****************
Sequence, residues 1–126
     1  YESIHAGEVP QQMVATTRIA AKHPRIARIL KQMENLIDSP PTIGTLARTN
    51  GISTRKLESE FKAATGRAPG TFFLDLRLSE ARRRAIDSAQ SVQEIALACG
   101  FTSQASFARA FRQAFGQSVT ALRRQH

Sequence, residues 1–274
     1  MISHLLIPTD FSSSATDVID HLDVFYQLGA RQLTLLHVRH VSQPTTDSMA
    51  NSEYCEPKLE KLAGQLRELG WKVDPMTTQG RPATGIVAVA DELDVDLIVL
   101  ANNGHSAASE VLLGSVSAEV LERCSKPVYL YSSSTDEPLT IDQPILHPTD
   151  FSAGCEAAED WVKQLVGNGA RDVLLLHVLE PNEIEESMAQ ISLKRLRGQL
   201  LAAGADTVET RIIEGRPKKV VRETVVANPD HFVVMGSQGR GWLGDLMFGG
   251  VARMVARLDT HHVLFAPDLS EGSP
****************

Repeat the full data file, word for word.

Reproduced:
Sequence, residues 1–126
     1  YESIHAGEVP QQMVATTRIA AKHPRIARIL KQMENLIDSP PTIGTLARTN
    51  GISTRKLESE FKAATGRAPG TFFLDLRLSE ARRRAIDSAQ SVQEIALACG
   101  FTSQASFARA FRQAFGQSVT ALRRQH

Sequence, residues 1–274
     1  MISHLLIPTD FSSSATDVID HLDVFYQLGA RQLTLLHVRH VSQPTTDSMA
    51  NSEYCEPKLE KLAGQLRELG WKVDPMTTQG RPATGIVAVA DELDVDLIVL
   101  ANNGHSAASE VLLGSVSAEV LERCSKPVYL YSSSTDEPLT IDQPILHPTD
   151  FSAGCEAAED WVKQLVGNGA RDVLLLHVLE PNEIEESMAQ ISLKRLRGQL
   201  LAAGADTVET RIIEGRPKKV VRETVVANPD HFVVMGSQGR GWLGDLMFGG
   251  VARMVARLDT HHVLFAPDLS EGSP